The most successful act of sabotage in World War II took place right here in Norway.
Often-overlooked aspects of the Second World War are the actions of resistance movements across Europe.
While Norway saw only a few major battles, the acts of resistance movements in Norway helped to hinder and even create an end to the occupation by the Nazis. One such operation was Operation Gunnerside, which sabotaged the Vemork heavy water plant in the sleepy mountain village of Rjukan.
In late 1938, Lise Meitner, Otto Hahn, and Fritz Strassman discovered the phenomenon of atomic fission. Physicists all across the globe realized that if chain reactions could be tamed fission could lead to a promising new source of power; others yet saw the potential for it to be used as a weapon.
What was needed was a substance that could “moderate” the energy of neutrons emitted in radioactive decay. The heavy water (water in which the hydrogen in the molecules is partly or wholly replaced by the isotope deuterium), made at the Vemork plant was a prime candidate for the job.
One of the most interested parties in heavy water was Nazi Germany. It was discovered that the Germans were using heavy water from the Norsk Hydro plant, the only commercial production facility, in their atomic research program. Wanting to keep an atomic bomb out of Hitler’s hands, allied forces deemed it imperative to take action in Norway.
The first plan to destroy the Vemork water plant was much like other strategies to destroy industrial targets during WWII, bomb it into oblivion using aircraft.
However, after a study of the plant, and inside information from its architect, it was determined that the sturdy, concrete facility perched on a steep hillside would not be an easy target to hit, or be destroyed by unguided bombing. It would have to be destroyed from the inside.
Eventually, a plan began to materialize. It involved a series of separate actions over a period of more than two years. The first of these was an insertion of a commando unity, codenamed Grouse. On 18 October 1942, four Norwegians, recruited and trained by the British Special Operations Executive were parachuted into Norway.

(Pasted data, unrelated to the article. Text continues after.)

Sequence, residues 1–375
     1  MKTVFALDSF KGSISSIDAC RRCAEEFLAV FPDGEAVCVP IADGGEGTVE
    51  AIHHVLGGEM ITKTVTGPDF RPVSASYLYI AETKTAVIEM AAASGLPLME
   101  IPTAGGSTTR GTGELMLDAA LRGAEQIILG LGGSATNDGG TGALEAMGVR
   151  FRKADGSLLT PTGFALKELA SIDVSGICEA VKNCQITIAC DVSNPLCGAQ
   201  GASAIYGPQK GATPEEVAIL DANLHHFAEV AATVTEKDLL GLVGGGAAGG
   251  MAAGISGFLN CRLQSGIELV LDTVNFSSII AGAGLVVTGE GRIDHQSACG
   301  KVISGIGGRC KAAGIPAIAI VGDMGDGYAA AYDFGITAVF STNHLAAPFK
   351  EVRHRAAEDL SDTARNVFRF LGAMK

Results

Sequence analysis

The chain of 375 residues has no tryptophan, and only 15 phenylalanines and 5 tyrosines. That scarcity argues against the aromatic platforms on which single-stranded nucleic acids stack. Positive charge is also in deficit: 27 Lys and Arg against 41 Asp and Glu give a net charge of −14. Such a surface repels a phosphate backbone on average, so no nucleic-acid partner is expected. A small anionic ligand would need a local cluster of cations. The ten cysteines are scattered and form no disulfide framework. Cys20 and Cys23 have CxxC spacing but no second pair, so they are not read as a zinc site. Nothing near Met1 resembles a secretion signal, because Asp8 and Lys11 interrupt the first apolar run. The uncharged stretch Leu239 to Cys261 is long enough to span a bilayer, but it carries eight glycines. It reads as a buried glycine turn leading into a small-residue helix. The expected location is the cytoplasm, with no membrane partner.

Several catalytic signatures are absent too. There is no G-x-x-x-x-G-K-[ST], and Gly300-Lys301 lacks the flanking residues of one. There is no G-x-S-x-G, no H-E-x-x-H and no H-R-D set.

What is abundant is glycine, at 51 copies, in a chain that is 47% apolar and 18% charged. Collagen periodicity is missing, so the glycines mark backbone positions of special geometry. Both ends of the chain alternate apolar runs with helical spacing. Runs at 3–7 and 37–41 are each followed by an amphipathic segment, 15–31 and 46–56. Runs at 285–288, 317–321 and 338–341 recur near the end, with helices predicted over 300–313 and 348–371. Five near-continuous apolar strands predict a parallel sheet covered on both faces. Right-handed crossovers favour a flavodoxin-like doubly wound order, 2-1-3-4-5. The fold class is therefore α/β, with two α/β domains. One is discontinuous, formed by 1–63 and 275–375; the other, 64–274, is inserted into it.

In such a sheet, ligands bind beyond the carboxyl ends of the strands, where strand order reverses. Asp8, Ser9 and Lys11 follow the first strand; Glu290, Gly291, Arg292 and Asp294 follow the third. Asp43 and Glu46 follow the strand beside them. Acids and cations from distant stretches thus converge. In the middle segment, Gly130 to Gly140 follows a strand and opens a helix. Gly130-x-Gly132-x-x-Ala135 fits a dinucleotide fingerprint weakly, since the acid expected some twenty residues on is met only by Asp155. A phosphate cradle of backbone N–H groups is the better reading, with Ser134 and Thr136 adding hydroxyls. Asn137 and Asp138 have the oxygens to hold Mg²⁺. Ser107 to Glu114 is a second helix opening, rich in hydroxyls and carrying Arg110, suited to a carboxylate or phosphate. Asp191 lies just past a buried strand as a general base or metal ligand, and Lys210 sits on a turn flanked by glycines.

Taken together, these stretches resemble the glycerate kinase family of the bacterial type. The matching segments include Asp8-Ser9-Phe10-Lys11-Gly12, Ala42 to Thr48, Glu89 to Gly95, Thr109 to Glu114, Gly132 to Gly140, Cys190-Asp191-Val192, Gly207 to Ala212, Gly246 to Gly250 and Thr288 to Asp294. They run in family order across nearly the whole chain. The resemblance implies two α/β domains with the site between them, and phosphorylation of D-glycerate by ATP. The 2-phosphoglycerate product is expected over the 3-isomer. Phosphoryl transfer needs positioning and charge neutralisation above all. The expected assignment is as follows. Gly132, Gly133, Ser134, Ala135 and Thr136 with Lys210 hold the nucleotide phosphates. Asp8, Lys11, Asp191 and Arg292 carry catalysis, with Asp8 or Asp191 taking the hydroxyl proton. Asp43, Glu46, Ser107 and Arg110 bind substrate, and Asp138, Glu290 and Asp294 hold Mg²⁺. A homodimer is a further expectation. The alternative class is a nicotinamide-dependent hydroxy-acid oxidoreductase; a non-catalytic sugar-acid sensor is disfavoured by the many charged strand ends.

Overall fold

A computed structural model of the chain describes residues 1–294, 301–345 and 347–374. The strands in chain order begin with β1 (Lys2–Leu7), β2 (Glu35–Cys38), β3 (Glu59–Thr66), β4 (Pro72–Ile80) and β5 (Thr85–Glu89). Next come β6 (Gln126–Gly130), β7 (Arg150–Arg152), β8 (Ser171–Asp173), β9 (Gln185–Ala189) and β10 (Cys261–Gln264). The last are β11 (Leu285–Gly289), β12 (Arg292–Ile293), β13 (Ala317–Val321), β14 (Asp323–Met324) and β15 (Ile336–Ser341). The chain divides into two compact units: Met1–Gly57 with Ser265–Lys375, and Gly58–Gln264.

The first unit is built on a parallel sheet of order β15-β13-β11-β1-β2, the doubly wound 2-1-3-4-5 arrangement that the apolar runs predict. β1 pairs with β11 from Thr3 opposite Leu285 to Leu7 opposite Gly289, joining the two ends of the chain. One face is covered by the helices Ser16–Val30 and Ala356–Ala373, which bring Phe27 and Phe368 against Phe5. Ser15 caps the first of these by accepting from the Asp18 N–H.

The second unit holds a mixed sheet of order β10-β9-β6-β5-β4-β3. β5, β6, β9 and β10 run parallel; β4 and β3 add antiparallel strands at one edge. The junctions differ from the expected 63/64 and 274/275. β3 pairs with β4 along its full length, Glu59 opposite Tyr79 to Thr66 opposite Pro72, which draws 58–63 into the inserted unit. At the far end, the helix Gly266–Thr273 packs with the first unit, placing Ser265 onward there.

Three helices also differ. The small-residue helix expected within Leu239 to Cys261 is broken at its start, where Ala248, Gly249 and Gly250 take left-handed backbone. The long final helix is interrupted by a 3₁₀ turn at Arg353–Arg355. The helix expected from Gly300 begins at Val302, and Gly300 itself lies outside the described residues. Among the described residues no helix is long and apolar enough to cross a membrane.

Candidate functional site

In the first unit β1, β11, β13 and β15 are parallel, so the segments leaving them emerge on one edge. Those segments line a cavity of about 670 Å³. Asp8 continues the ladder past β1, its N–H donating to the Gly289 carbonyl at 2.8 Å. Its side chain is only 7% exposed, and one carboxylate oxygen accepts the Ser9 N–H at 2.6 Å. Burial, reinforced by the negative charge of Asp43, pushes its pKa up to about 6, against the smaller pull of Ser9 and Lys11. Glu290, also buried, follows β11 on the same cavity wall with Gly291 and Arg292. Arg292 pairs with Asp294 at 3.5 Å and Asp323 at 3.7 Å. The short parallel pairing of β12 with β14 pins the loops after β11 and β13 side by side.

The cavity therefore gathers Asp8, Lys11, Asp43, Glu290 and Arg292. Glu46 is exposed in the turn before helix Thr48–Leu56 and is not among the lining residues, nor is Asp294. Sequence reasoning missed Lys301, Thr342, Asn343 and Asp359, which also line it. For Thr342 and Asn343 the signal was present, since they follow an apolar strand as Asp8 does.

Their primary missions were to reconnoiter the target and provide ground support for the people involved in the second phase of the plan. This second phase was the insertion of British Engineers and commandos via glider to assault the plant and destroy as much of it as possible.
Unfortunately the gliders and one of the bombers ferrying them to Norway crashed far from their intended landing site and the British troops and airmen that survived the crash were subsequently rounded up by the German Wehrmacht.
After this failed mission a new commando group made up entirely of Norwegians was formed; they created a similar plan of attack to the original mission; changing only the name to Operation Gunnerside.
In February, Operation Gunnerside delivered by parachute an additional six Norwegian commandos, along with weapons and supplies. After a few days of searching, the Gunnerside team linked up with the hidden Grouse team, who had been waiting for months in the Norwegian wilderness.
The joint assault force, using the cover of being students on a skiing vacation, reconnoitered Vemork from a safe distance and determined the best point of entry. Then, late on a cold February night, the commando team climbed up the cliffs of the massive gorge below the plant, slipped in, set explosives that destroyed the heavy water inventory (about five months production) and production machinery, before quickly fading away into the surrounding mountains. They skied toward the border with Sweden.
A successful operation
The Gunnerside raid was a great success, an almost perfect commando operation that achieved its objectives with no friendly casualties. The action was cited by the British SOE as the most successful act of sabotage in all of World War II.
Yet the day was not won quite yet, while the plant was essentially destroyed it was quickly able to resume production of heavy water. The allies learned of a shipment of the substance to be shipped via ferry across the lake at the bottom of the valley from the plant.
Relaying this information to the Norwegian resistance fighters a plan was formulated to have several members of the organization ride the same ferry on its trip towards the Hydro plant, placing explosives onboard, before disembarking at Rjukan. Once again, the operation was a success.